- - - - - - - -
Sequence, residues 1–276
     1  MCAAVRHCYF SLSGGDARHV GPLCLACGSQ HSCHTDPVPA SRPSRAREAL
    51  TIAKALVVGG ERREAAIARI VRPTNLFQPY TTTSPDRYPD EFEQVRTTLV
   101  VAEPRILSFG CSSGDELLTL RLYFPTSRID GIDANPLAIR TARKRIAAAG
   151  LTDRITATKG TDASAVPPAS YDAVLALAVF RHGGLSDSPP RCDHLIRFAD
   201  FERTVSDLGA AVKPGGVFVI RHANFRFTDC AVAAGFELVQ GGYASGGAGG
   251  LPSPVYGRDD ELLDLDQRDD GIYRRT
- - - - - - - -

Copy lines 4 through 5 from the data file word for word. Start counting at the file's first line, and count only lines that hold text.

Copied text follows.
   101  VAEPRILSFG CSSGDELLTL RLYFPTSRID GIDANPLAIR TARKRIAAAG
   151  LTDRITATKG TDASAVPPAS YDAVLALAVF RHGGLSDSPP RCDHLIRFAD